On Friday, July 1, 2011, the New York Department of Environmental Conservation (“DEC”) released its draft supplemental generic environmental impact statement (“SGEIS”), a proposal that would grant access to more than 80% of the shale formations within the state of New York. Notably, the SGEIS would still prohibit drilling in the watersheds that serve New York City and Syracuse, any state owned lands, and all primary and principal aquifers. In 2009, the DEC released a similar SGEIS on hydraulic fracturing, or “fracking,” a process that injects large volumes of water, mixed with sand and chemicals, into shale formations deep below the earth’s surface in order to release natural gas that is otherwise trapped. However, the 2009 SGEIS was heavily criticized for not doing enough to protect New York’s water supplies. Eventually, then-Governor David Paterson blocked all shale gas permitting in the state.
While the new SGEIS does allow fracking on privately owned lands, it contains new regulations that aim to increase safety and transparency during the fracking process. First, drillers would be required to use three layers of cemented well casings in order to prevent gas from leaking into drinking water supplies. Second, the SGEIS requires drillers to take several steps to better control fracking fluids and any “produced water” used in the fracking process. Third, the DEC will monitor the disposal of produced water, production brine, drill cuttings, and other drilling waste streams produced in the process. And finally, drillers will have to disclose to the DEC and the public all of the chemicals used in their operations. While drillers can claim “trade secret” protections from the public during the disclosure process, they will still have to identify all of their chemicals confidentially to the DEC.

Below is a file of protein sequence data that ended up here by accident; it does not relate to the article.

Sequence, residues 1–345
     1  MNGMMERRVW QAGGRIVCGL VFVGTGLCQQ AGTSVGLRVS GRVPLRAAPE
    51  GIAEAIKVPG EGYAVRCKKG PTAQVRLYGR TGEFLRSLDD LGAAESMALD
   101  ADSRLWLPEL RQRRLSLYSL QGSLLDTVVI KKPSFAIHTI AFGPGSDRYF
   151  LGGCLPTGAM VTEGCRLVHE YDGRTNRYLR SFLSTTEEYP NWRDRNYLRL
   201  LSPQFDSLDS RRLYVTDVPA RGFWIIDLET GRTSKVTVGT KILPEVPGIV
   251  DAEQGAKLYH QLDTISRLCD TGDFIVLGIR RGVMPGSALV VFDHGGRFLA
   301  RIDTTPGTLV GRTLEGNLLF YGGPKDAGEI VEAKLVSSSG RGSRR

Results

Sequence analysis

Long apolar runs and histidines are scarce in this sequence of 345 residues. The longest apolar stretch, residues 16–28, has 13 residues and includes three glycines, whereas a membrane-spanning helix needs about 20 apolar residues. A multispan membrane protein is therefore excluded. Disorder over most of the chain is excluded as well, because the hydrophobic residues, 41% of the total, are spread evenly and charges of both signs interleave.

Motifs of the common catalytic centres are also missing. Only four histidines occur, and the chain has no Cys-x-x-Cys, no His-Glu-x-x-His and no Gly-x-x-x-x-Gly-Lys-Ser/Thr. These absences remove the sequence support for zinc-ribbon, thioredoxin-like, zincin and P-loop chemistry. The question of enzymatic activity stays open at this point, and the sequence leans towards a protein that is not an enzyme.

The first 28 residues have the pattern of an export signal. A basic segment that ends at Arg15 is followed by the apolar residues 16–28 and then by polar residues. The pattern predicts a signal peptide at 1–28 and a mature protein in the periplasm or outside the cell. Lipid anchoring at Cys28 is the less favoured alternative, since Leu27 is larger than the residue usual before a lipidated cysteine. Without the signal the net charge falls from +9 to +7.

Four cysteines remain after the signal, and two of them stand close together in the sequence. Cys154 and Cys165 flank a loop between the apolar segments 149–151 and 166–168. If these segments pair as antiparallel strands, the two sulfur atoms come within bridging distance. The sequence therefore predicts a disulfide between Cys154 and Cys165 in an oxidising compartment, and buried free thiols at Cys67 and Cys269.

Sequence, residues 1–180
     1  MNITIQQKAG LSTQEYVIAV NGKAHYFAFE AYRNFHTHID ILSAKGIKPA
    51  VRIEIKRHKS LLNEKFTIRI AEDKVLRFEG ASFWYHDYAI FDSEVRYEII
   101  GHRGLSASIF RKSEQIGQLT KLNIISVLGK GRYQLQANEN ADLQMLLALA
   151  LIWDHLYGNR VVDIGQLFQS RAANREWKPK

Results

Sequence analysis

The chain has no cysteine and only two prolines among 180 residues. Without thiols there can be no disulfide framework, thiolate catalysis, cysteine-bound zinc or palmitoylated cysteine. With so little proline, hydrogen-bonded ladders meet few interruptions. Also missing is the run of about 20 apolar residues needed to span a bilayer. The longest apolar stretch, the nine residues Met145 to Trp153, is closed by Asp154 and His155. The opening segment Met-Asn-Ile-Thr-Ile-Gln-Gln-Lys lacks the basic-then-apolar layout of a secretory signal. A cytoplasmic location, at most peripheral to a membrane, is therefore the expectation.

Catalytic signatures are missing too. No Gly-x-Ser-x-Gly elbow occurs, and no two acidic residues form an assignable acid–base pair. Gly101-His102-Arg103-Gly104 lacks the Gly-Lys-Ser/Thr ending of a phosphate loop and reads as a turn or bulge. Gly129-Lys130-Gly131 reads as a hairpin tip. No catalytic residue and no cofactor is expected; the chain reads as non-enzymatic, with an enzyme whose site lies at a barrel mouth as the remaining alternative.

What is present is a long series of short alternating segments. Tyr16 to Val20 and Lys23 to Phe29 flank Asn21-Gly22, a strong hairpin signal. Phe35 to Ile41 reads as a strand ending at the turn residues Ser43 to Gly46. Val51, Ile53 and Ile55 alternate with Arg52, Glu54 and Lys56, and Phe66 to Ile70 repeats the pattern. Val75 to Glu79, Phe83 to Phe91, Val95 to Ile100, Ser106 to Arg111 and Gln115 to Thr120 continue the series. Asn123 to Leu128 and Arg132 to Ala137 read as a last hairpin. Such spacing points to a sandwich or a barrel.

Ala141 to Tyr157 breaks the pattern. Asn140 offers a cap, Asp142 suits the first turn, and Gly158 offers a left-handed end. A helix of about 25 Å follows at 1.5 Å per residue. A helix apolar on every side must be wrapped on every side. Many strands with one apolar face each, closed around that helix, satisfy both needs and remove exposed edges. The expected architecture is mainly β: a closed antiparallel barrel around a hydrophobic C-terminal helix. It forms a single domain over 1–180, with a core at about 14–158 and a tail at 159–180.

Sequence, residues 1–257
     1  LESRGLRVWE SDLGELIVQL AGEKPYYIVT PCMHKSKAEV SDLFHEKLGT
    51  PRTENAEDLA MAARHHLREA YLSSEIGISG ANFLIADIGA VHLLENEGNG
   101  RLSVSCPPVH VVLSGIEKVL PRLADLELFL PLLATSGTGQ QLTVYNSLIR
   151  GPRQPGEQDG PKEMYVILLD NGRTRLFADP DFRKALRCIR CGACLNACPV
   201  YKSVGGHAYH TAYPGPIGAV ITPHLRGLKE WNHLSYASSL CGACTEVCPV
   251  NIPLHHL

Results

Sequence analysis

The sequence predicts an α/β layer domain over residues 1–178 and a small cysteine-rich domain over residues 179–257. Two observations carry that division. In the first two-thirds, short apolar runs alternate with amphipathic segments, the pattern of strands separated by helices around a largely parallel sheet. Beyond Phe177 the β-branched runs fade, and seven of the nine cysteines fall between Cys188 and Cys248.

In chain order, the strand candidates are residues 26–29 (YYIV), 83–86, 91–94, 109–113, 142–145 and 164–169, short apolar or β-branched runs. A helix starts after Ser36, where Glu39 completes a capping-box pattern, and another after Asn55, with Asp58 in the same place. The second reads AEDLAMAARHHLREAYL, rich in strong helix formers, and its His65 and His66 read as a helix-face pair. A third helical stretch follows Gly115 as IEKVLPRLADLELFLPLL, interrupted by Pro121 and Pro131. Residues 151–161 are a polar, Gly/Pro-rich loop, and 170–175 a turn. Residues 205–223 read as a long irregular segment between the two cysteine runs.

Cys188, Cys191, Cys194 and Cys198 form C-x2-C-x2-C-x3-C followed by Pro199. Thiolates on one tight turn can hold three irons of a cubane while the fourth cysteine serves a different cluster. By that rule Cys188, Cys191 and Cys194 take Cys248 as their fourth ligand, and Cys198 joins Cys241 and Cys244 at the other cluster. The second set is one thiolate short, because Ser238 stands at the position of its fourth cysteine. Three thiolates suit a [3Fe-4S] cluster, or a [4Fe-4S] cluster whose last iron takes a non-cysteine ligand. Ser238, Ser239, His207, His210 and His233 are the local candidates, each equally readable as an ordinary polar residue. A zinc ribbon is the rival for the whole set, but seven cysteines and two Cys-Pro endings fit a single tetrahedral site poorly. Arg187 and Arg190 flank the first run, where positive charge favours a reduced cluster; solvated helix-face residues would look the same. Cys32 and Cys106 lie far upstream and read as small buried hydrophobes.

Moving forward, the DEC will allow for a lengthy comment period before making its final decision. Additionally, the DEC will begin to write rules implementing the SGEIS. The DEC expects to begin issuing permits before the rules are completed, with the first permits likely to be issued in early 2012.
Meanwhile, on Wednesday, June 30, 2011, the New Jersey Senate passed legislation, by a vote of 32-1, which banned the use of fracking for natural gas in all of New Jersey. The bill, which was previously passed by the New Jersey Assembly 56-11, will now move to Governor Chris Christie’s desk for signature.
While New Jersey does not yet produce natural gas from shale formations, part of the state’s northwest corner sits above a largely unexplored formation that stretches from Tennessee to Ontario, called the Utica Shale. As of publication of this article, Governor Christie was still reviewing the bill that would create the first statewide ban on fracking in the U.S.